Barking Beatles in the forest


Marking an affected tree.

One of the main tasks for us here in Bialowieza is to help to monitor the spread of the the spruce bark beetle (Ips typographus) in the forest. This work involves walking, crawling and wading through the thick of the forest in a certain assigned area, finding spruce trees and checking whether they are currently infected with the bark beetle. It requires putting on long trousers, rain jacket and wellies against the annoying forces of mosquitos, ticks and sharp twigs. It is surprisingly tyring and we are always looking forward to our lunch break on some tree stump in the middle of it all.




Signs of beetle activity on a spruce tree

The way to recognize an infection is to look at the bottom and the lower branches of the tree as you will find fresh saw dust piled up from the destructiv work of the beetle. We will then mark the tree and store its position on our GPS device. At the end of the day the numbers are recorded for a given area.

Monitoring the spreading of infections and the long-term effect on the forest are important as discussion have been ongoing on how to deal with the problem for years. In the Bialowieza forest the Polish forest ministery and other intersted parties want to make money selling wood from the forest. They prefer the trees to be cut and removed creating the typical tidy managed forest with trees arranged in lines and no undergrowth or decaying wood. The national park scientists however where able to show that this does not reduce the infection rate or spreading of the beetle. In a natural healthy forest the beetles will mainly select weak trees whose defense system they can overcome. They will help to renew the spruce forest with stronger trees. Falling trees will also create open spaces allowing young trees or undergrowth to develop. Throughout the history of forestry there have been years of beetle outbreaks, followed by years of recovery and spreading of spruce trees. The decaying trees left in the forest on the other side create a new habitat for mushrooms, new plant life and other beetles. There can be as many as 300 species of beetles on a dead tree, compared to around 60 on life trees. The final stage of decomposition will create fertilizer for the forest – energy that is otherwise constantly removed from the system if trees are taken out (dead or alive).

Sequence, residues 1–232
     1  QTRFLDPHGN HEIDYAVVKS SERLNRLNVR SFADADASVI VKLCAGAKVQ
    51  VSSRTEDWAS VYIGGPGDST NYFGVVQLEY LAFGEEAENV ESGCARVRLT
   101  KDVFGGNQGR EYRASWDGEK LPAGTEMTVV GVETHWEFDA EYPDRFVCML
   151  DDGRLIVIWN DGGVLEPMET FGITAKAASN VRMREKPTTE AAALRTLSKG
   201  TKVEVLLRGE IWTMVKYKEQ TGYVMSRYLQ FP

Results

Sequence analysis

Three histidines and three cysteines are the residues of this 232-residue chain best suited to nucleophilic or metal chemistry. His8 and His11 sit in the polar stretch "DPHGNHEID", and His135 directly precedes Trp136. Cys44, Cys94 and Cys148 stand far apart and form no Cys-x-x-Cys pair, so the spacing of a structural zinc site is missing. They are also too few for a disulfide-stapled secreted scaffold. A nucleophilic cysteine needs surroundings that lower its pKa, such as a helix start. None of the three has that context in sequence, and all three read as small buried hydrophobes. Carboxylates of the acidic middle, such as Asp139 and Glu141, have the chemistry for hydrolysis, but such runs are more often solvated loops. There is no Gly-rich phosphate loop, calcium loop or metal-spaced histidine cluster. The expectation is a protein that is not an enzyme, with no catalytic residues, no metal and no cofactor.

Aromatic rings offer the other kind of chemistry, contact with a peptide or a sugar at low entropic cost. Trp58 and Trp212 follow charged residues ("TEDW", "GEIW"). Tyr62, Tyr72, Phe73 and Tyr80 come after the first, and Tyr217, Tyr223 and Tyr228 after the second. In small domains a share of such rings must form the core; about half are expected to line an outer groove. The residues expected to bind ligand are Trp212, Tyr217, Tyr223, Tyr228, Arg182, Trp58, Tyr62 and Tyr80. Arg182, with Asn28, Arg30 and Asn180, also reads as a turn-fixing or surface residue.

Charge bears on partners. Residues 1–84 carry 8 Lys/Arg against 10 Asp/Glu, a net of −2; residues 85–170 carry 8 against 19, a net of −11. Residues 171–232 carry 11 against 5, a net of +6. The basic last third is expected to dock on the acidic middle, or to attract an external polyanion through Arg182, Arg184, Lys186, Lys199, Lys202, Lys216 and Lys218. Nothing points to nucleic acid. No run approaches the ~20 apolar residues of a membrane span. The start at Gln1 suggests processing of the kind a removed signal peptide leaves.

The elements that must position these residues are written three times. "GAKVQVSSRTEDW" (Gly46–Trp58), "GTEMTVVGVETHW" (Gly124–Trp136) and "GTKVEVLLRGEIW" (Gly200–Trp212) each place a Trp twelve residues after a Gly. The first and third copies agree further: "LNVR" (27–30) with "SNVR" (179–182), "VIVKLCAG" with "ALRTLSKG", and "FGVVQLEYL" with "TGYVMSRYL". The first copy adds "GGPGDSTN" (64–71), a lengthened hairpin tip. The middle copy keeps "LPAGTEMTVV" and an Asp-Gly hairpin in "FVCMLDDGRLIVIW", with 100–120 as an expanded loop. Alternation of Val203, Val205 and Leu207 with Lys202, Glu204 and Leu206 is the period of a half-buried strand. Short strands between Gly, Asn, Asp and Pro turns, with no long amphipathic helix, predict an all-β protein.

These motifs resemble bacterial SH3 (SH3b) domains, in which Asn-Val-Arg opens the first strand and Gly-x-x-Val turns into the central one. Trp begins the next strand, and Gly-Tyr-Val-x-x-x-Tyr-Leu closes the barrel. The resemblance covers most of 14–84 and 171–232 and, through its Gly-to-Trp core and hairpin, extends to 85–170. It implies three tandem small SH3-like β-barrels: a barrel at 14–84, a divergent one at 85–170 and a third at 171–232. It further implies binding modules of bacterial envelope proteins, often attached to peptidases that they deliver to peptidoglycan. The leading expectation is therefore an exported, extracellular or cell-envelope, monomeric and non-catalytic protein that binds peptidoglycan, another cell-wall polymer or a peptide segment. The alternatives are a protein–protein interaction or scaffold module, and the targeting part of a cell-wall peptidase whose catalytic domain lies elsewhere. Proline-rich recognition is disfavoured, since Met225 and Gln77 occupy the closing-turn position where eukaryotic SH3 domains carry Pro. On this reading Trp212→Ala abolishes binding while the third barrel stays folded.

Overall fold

Natural decay and re-use of the tree’s energy

Facts aside, as mentioned before, walking through this kind of forest is a whole different experience and very exciting and relaxing at the same time. We constantly discover new mushrooms, look for frogs hoping around our feet, and hope for another sighting of birds, deer or bisons. Or we just stand there listening for any sounds and enjoy the fallen trees overgrown with mosses and ferns – in the natural forest with bark beetles.


Sources: Bialowieza National Park, Peter Wohlleben: Das geheime Leben der Baeume, featured image: Udo Schmidt/media wiki

Posted in Conservation, Nature.